Uber has plans to ex­pand and in­no­vate both glob­ally and in South Africa. In May this year, the com­pany rolled out UberHealth, an ini­tia­tive in co­op­er­a­tion with Dis­cov­ery Health, that saw u vac­cines de­liv­ered to clients on de­mand. It’s also con­sid­er­ing UberEats, a ser­vice that would de­liver food, as well as de­liv­ery ser­vice UberRush. Not to men­tion the UberChop­per he­li­copters that were avail­able in Cape Town in De­cem­ber. And dur­ing the rag­ing moun­tain res in Cape Town ear­lier this year, Uber en­deared it­self to lo­cals with UberAs­sist, where driv­ers picked up and de­liv­ered sup­plies for weary re ghters at no charge.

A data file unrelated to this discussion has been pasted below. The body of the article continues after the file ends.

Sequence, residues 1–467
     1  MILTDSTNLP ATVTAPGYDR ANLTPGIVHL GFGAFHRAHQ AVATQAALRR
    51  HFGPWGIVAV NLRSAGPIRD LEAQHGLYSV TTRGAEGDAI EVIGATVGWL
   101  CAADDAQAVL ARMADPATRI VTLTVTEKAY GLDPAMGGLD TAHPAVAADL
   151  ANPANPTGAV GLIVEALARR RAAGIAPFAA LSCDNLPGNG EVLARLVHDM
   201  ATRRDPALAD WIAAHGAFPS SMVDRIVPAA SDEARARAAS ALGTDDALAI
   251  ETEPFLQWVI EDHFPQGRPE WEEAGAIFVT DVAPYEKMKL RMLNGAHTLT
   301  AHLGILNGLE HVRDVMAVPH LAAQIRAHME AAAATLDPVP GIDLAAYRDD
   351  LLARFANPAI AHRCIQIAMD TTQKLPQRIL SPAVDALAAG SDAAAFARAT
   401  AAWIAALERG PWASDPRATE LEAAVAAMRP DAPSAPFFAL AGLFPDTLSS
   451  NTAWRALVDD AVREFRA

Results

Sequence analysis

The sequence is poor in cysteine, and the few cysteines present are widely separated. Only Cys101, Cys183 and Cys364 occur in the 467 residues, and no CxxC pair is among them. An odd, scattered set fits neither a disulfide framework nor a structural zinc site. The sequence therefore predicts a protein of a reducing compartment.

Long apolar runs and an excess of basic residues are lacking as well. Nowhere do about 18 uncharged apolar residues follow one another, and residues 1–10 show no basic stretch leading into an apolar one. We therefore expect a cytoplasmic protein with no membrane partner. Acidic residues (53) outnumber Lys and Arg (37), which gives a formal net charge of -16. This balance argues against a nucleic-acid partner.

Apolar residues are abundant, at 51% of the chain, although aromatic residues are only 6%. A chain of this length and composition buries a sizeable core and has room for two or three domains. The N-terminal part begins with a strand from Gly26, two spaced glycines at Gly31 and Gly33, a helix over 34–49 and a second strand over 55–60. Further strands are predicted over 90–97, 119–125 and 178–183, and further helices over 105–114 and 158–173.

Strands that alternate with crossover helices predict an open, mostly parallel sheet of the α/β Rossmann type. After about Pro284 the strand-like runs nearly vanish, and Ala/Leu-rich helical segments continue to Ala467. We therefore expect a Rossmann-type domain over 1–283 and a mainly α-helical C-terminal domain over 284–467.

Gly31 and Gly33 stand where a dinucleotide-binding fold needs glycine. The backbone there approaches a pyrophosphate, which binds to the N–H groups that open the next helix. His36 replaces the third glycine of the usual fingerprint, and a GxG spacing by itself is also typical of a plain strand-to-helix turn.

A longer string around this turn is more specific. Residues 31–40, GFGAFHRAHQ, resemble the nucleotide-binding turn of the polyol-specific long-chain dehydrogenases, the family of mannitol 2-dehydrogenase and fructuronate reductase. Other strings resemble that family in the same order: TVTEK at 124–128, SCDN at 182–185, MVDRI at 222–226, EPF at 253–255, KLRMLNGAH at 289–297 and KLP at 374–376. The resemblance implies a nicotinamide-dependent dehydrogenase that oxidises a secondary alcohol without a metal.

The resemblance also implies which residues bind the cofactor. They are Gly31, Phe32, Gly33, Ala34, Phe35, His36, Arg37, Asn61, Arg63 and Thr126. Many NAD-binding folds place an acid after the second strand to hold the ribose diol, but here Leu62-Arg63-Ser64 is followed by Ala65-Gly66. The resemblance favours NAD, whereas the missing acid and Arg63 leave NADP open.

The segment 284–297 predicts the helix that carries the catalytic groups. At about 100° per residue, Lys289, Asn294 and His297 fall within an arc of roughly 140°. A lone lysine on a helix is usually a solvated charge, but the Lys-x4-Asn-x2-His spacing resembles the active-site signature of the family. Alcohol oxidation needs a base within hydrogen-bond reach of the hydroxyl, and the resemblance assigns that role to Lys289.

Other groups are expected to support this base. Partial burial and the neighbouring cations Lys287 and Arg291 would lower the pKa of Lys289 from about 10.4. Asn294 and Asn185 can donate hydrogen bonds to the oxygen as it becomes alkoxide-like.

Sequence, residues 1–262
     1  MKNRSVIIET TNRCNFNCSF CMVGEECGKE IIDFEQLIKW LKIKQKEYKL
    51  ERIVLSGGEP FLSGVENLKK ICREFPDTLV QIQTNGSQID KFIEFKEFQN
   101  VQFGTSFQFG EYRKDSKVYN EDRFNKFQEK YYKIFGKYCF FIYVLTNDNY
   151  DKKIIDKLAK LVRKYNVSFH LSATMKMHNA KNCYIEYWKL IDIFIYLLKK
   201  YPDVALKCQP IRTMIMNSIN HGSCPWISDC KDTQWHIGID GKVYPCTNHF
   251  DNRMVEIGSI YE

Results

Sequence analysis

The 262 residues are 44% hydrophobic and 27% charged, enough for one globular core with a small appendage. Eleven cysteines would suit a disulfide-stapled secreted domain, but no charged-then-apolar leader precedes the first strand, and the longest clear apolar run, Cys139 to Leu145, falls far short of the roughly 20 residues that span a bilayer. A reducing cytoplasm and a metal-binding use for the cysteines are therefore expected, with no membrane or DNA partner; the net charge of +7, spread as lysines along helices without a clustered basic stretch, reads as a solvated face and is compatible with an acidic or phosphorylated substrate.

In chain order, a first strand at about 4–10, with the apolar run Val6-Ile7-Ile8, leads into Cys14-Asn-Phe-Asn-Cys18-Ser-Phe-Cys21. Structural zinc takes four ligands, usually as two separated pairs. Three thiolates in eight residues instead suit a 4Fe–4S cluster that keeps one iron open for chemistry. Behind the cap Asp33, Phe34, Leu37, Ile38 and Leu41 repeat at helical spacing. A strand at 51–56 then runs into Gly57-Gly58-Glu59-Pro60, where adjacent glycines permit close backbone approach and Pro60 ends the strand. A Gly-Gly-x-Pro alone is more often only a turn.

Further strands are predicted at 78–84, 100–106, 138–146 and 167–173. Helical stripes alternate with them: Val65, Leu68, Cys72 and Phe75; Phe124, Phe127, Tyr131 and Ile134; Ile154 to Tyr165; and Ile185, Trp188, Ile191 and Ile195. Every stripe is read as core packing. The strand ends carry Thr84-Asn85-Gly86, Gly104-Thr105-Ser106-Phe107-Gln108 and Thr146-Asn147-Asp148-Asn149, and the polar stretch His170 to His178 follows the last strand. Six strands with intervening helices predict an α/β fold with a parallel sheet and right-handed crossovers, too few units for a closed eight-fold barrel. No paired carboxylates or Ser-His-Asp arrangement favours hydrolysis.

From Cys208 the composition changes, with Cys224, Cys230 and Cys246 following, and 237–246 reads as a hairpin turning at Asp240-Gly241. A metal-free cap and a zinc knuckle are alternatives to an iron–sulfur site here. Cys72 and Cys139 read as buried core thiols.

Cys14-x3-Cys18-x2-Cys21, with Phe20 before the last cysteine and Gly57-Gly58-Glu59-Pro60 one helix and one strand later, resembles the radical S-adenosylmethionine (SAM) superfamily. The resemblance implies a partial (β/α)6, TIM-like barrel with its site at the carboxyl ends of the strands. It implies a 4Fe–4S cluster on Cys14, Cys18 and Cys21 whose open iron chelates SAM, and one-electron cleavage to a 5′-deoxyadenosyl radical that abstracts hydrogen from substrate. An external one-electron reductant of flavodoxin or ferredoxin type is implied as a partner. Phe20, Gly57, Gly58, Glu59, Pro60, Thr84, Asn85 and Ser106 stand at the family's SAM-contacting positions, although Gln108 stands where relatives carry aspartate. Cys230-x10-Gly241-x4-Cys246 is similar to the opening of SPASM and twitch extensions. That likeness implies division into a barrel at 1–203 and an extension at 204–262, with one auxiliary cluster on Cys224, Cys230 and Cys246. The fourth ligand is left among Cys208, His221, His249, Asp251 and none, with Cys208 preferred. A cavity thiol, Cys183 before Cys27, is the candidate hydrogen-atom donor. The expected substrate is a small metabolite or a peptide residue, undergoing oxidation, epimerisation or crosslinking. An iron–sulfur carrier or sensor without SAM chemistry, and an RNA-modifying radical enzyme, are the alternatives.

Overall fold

The com­pany is shak­ing things up – not only the taxi in­dus­try, but in what­ever other sphere it nds op­por­tu­nity to do so. As it con­tin­ues to grow, it’s likely Uber will be­come even fur­ther verbi ed in our lex­i­con.

IN AN AM­BI­TIOUS AN­NOUNCE­MENT EAR­LIER THIS YEAR, UBER SAID THAT IT IS WORK­ING TO­WARDS CRE­AT­ING A MIL­LION JOBS FOR WOMEN AROUND THE WORLD BY 2020

Phindile Ncube

Glad­ness Mo­mo­bela

Cindy Mashao

TEAM UBER

FROM LEFT

Travis Kalan­ick, co-founder of Uber; Alon Lits, GM Uber

Jo­han­nes­burg